My classroom seems to be one of the students’ first experiences with multicultural literature. Our daily read aloud time and instructional time are heavy with multicultural literature, often focusing on the works of a specific author such as Allan Say or Patricia Pollaco. I began reading international literature with them in the second part of our school year. I have had only a few experiences with international literature, so I relied on the book reviews in WOW Reviews as a valuable resource when selecting literature. I chose books with Hispanic characters that reflected the majority of my class population, a book from Ghana to honor two cousins from Ghana, as well as books that represented cultures not found in my classroom. Besides the characters’ cultures, I chose books which depicted subject matter that might be interesting to students, allowing them a chance to share family stories and explore topics that could enhance their understanding of historical or contemporary issues.

Since students are the consumers of these books, I am more interested in the values they glean from a story than the values I see, so I set out to engage the third-grade students in conversations about the values depicted by the characters in this international literature. I chose two simple questions to examine the characters’ values identified by students: What is important to the characters? What evidence from the book supports your idea? Each week we would read an international book aloud. Generally, I introduced the book, conducted a picture walk, and generated some ideas and questions from the students before I read. If I saw misconceptions, I tried to clarify through the picture walk. I read the book two to three times in two or three settings and then asked students our guiding questions.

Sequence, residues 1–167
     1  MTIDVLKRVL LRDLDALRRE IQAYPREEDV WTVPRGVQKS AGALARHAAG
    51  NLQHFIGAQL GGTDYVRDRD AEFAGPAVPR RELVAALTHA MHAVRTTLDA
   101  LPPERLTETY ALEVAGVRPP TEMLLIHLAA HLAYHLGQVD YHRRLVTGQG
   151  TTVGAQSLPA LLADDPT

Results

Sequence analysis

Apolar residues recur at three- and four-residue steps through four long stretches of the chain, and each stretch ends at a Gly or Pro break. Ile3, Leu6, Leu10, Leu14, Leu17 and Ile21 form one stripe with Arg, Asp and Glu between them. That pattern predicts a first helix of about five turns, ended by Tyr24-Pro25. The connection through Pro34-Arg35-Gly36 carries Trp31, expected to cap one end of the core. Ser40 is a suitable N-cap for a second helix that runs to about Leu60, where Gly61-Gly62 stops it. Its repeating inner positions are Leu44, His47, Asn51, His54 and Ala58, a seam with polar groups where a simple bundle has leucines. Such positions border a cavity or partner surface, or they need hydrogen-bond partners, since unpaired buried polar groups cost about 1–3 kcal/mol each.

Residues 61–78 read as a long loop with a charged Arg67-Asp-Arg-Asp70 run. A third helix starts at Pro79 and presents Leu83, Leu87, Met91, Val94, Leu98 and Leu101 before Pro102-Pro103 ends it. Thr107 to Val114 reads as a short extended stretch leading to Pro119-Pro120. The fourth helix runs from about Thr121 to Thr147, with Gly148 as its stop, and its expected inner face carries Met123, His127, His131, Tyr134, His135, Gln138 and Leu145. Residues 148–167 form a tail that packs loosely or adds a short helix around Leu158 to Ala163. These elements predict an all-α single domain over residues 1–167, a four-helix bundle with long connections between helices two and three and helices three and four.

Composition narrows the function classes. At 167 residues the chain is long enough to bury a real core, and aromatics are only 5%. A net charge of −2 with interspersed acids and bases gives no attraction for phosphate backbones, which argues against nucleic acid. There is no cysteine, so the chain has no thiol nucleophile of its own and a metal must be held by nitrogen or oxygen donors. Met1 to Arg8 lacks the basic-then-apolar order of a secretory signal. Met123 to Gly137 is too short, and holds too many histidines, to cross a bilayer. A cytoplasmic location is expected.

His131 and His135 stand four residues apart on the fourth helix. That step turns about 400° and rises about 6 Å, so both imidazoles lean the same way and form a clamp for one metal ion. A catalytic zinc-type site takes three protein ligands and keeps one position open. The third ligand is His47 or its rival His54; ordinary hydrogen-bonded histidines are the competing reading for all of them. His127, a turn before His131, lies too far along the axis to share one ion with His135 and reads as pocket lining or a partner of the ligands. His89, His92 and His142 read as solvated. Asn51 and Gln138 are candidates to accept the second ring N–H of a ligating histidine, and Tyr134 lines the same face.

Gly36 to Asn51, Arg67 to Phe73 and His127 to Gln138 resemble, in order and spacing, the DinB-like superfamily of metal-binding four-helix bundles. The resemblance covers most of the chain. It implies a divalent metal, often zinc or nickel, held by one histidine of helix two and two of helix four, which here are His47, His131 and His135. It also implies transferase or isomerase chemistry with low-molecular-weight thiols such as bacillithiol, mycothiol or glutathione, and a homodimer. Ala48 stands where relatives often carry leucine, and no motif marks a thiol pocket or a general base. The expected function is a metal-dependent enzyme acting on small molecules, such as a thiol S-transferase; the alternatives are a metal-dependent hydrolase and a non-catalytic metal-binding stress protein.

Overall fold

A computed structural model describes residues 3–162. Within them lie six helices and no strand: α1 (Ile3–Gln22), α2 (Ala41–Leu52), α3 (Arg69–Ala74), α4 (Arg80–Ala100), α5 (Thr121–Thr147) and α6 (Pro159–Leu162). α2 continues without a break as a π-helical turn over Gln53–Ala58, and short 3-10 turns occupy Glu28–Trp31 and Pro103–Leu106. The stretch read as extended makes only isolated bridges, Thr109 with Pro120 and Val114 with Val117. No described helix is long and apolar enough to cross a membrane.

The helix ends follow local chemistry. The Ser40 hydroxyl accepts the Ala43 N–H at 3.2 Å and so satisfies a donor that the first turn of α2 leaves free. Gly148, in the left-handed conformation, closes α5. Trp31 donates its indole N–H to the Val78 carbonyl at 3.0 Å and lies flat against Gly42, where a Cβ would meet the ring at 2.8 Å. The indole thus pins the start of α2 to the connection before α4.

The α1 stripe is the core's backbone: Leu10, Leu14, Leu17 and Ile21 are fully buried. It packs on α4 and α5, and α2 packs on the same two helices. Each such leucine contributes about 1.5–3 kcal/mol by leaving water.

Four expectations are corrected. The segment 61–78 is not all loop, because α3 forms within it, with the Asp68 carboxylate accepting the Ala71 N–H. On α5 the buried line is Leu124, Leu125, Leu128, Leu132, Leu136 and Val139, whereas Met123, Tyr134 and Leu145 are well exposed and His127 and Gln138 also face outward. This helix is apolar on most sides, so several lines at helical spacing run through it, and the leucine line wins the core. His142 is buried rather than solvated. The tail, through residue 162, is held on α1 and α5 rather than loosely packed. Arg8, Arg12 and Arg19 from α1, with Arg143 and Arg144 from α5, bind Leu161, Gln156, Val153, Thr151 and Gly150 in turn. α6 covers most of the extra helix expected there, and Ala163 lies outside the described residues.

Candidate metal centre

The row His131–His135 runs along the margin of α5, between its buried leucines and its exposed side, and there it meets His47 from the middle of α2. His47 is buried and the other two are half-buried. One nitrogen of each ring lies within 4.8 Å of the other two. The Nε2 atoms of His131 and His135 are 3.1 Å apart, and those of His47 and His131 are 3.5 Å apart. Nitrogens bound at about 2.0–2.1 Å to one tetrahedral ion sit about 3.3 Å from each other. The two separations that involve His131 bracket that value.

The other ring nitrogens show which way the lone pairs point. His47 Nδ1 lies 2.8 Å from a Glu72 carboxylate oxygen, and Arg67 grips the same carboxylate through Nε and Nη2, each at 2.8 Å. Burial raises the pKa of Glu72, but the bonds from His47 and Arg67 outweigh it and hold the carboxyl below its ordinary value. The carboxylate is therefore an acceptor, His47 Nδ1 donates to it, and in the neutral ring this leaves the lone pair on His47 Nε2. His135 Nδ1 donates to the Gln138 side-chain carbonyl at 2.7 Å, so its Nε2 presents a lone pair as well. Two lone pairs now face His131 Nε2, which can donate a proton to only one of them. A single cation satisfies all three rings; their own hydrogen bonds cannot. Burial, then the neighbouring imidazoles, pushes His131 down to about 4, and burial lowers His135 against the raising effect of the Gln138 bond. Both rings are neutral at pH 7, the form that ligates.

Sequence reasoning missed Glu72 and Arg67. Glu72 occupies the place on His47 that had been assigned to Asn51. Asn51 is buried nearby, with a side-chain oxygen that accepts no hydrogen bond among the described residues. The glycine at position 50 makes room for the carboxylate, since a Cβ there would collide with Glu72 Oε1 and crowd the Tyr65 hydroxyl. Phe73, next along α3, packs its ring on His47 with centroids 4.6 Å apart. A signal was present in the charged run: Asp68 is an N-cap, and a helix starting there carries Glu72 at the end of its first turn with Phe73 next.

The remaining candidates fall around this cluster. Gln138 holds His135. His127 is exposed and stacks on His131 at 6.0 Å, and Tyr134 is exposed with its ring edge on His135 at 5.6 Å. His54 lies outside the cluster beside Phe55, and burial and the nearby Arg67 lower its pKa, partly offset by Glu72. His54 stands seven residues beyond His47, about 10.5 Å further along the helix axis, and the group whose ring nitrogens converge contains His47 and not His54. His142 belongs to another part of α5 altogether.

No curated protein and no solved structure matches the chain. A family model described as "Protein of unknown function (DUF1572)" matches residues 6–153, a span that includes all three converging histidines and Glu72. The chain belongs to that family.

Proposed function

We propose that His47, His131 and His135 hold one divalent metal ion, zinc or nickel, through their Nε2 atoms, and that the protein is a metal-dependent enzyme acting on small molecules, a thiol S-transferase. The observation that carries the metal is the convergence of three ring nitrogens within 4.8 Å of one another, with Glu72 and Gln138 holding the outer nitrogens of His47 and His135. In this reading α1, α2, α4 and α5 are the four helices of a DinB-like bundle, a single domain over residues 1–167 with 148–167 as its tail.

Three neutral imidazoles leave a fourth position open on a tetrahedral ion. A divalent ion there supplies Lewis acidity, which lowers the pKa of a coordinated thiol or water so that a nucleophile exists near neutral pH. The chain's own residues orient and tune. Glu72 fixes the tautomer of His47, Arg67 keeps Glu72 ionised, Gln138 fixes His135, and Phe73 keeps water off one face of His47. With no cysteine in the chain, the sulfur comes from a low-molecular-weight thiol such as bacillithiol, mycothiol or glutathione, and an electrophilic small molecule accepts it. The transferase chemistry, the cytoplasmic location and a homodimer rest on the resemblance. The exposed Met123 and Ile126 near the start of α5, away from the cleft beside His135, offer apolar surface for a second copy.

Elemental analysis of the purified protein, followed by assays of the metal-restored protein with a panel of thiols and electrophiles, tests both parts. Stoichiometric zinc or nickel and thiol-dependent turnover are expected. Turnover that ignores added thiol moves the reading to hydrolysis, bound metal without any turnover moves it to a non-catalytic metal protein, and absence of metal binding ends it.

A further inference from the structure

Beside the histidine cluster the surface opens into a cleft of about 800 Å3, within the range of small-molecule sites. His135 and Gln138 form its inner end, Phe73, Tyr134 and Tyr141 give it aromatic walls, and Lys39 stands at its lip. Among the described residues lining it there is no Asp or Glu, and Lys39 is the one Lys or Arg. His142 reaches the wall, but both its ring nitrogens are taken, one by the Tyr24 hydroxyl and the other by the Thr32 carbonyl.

After the first reading, I wanted to capture their initial reactions to use later as a foundation for their text experience and so I recorded their responses to: What do we know about this book? I used a large chart tablet to record responses anytime the students were reflecting on the books. We enjoyed many wonderful pieces of international literature, some light-hearted, and others informing us on difficult issues. In this article, I have chosen a few that represent the larger group of books.